Scandal in the Cavaignac Household!

I must say to all of you off hand that many of your suspicions of scandal were correct! Your grey cells aren’t so bad after all!

I came upon the Ermitage school, but I was not allowed to go up to the room. Luckily, upon being informed of my arrival the resident came down to greet me – but who should it be? A young lad, 17 years of age named Paul du Bois – the secret son of Valérie! And why was he kept so secret? Because he is the illegitimate child of Comte Pierre de Cavaignac! And here is what is interesting; he knew this because the morning of the day of his murder Pierre visited Paul and told him that he was his long-lost father who was supporting him in secret (much as Paul’s mother was, so that this scandal would not interfere with her desire to rise in the social ranks). But as he left Comte de Cavaignac mentioned something in passing about righting his old wrongs at last to his son Paul, which I take to have something to do with the gathering at the house!

So finally, finally I have the semblance of a motive for Valérie du Bois, something she would have to answer for – that is, if it weren’t for the bad news that just this morning Valérie was reported missing from her penthouse suite. And her disappearance seems strange; for if she truly left in a guilty conscience she did so mysteriously without packing her valuables and without contacting anyone to say where she was going – not even her son Paul. We were able to search her place and found little to report except one piece of evidence that I found intriguing; a single sheet of paper in her study that was sent through this seemingly magical device that was related to me as a ‘fax machine’ – apparently a device that sends sheets of paper backwards and forward from house to house. This paper seems to be a section of a larger legal document – indicating, in summary, changes to be made in the testament of Pierre de Cavaignac including the removal of Valérie du Bois’ allocations. How did Valérie du Bois get a hold of such a piece of paper? Who sent it to her? And what did she do once she received it? There are many questions to answer, but I am sure that I will answer them soon.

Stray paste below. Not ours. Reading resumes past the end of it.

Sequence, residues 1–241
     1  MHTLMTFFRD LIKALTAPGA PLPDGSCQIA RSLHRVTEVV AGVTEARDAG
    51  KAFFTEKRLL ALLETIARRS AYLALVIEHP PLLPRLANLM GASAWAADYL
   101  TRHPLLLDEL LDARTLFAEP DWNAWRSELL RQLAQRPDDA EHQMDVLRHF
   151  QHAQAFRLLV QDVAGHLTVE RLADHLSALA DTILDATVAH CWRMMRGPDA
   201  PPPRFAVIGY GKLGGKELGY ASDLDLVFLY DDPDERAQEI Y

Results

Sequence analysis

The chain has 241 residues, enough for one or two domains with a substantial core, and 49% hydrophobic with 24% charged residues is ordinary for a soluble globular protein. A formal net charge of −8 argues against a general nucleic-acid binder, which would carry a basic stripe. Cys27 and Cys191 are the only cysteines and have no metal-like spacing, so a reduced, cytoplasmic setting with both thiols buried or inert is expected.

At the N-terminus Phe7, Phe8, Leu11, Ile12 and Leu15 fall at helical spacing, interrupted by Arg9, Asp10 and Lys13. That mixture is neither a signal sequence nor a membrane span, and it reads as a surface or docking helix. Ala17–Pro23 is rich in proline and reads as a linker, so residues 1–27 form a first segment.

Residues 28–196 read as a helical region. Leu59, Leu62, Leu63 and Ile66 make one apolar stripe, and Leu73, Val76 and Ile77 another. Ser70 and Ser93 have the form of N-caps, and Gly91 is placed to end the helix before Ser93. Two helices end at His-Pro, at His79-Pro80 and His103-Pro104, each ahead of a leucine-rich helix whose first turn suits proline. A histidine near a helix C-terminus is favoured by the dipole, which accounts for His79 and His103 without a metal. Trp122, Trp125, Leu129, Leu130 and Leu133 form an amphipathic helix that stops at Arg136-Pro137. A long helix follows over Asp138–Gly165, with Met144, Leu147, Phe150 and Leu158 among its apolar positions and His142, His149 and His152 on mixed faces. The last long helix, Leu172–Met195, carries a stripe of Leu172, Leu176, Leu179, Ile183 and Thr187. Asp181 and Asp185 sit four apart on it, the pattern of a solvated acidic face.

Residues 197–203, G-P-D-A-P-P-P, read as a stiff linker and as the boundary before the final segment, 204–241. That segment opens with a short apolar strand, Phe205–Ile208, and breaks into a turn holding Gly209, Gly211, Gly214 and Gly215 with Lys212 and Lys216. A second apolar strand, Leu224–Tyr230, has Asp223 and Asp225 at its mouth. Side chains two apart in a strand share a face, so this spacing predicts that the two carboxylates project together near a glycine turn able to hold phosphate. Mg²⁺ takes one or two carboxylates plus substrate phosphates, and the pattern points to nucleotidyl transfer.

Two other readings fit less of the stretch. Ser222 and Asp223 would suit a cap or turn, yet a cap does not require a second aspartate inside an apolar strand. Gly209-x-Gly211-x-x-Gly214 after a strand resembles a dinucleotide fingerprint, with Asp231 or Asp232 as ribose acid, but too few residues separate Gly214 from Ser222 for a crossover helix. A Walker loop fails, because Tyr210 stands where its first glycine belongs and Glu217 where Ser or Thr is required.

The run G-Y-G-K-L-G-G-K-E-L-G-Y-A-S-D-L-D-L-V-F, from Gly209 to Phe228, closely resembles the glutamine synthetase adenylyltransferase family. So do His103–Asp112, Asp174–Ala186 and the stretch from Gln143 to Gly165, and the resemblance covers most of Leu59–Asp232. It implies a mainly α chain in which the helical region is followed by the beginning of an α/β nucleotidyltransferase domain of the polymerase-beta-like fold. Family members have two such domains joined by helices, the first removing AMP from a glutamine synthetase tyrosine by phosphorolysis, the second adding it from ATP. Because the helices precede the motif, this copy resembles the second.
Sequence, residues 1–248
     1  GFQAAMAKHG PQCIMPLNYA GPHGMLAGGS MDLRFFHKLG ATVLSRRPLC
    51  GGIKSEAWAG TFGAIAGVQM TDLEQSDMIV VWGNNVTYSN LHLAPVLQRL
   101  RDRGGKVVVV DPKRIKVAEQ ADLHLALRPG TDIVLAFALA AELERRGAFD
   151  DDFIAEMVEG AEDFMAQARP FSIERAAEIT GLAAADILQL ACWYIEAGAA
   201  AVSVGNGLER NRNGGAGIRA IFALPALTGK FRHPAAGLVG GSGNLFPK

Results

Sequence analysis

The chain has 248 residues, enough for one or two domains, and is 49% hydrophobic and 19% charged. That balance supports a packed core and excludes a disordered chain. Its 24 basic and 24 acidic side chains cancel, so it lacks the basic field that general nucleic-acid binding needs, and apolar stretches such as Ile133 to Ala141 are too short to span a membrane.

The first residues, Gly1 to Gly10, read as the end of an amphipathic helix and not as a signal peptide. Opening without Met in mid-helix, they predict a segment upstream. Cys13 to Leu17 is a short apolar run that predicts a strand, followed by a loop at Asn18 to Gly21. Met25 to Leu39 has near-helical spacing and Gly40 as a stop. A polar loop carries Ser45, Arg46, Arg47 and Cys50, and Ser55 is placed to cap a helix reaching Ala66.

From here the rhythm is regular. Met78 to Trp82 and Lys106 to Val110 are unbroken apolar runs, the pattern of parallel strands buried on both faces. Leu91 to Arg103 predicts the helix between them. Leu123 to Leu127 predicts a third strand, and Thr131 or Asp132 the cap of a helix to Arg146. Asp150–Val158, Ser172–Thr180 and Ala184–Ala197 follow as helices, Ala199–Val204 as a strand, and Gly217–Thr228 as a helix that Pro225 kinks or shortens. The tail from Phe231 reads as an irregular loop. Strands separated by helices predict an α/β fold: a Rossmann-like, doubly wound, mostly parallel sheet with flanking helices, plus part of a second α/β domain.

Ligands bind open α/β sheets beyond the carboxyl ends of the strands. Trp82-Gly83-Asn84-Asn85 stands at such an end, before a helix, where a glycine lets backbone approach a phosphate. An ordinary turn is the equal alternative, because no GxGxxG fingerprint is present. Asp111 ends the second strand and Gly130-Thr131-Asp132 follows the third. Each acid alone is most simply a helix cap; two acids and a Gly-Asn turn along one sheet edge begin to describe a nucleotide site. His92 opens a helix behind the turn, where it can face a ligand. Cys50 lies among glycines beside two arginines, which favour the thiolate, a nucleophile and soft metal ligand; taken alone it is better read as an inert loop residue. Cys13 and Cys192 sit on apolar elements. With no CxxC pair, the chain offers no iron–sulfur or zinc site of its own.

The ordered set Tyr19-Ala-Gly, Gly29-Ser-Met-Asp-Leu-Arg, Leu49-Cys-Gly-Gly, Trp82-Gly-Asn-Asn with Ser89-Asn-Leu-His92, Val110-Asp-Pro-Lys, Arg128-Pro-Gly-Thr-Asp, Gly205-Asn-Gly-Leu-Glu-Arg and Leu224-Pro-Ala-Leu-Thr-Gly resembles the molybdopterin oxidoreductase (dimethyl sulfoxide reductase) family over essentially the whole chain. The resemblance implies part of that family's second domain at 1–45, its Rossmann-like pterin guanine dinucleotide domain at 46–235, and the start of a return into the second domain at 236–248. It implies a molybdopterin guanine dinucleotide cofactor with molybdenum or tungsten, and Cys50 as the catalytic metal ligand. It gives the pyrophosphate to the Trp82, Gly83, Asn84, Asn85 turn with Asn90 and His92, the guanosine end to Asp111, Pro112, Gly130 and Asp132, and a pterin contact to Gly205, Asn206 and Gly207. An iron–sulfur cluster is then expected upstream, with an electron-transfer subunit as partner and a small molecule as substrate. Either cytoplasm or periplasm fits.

P.S. If you insist that I meet with this Sherlock Holmes as he calls himself, I would like to do so under certain conditions; we must agree on a single, public location, without weapons and dressed in clothing described prior to our meeting so that there is no chance that one of us may don a disguise and assault the other. I shall agree to these à tout le moins; no negotiation!

6 Responses to “Scandal in the Cavaignac Household!”

  1. Flitterbie Says:

    Excellent to hear you’re willing to meet with Mr. Holmes! I’m sure that combined, there’s no mystery the two of you couldn’t solve.

    As for the present case, I have the sneaking suspicion that Valérie will… not be found in perfect condition if you catch my drift. Incidentally, did Hugo have an alibi? And if so, what was it?

    • saintofdeduction Says:

      Monsieur Vernet does not have an alibi that cannot be corroborated with the guests, if you understand, but I have reasons to doubt that he committed the murder; first of all, I doubt if he could have used the leather gloves of Madame Cavaignac. And secondly, the wounds on Pierre were noticeably shallow, too much so for a man with the athletic frame of Monsieur Vernet.

      What is interesting to me about Hugo is why he was invited at all after so many years of anger against Pierre. If Pierre was trying to, as you say, ‘make good’ with Vernet, why would he have done amidst such a strange company of his advocate and lawyer, his mother, and his college friends? Not to mention his ‘ghost’ writer (what a strange term you English have!).

      • Flitterbie Says:

        Is there any chance you can arrange an opportunity to speak with M. Vernet?

      • saintofdeduction Says:

        Perhaps, although I confess I will have to do it in the morning; it is getting pretty late in Paris at this hour.

      • Flitterbie Says:

        By all means, do it at your leisure.

        …I mean, you shouldn’t take your time solving a murder, but I understand that waiting until morning would be for the best.

  2. TheWildWestPyro Says:

    Dear Monsieur Poirot:
    I am very happy that you and Holmes are finally on good terms, and I suggest you two meet up at a cafe somewhere, and discuss your cases.

    Try looking into Valerie’s past-perhaps she was terribly upset about something or blackmailed into murdering Pierre? Or perhaps she wants to keep the truth from going out in case her reputation is ruined?

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